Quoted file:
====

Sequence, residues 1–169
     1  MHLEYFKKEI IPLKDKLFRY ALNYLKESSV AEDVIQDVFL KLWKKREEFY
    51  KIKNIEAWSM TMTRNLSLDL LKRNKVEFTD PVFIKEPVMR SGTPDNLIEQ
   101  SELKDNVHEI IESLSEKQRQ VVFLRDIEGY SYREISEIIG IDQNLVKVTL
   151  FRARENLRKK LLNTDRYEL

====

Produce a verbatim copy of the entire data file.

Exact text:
Sequence, residues 1–169
     1  MHLEYFKKEI IPLKDKLFRY ALNYLKESSV AEDVIQDVFL KLWKKREEFY
    51  KIKNIEAWSM TMTRNLSLDL LKRNKVEFTD PVFIKEPVMR SGTPDNLIEQ
   101  SELKDNVHEI IESLSEKQRQ VVFLRDIEGY SYREISEIIG IDQNLVKVTL
   151  FRARENLRKK LLNTDRYEL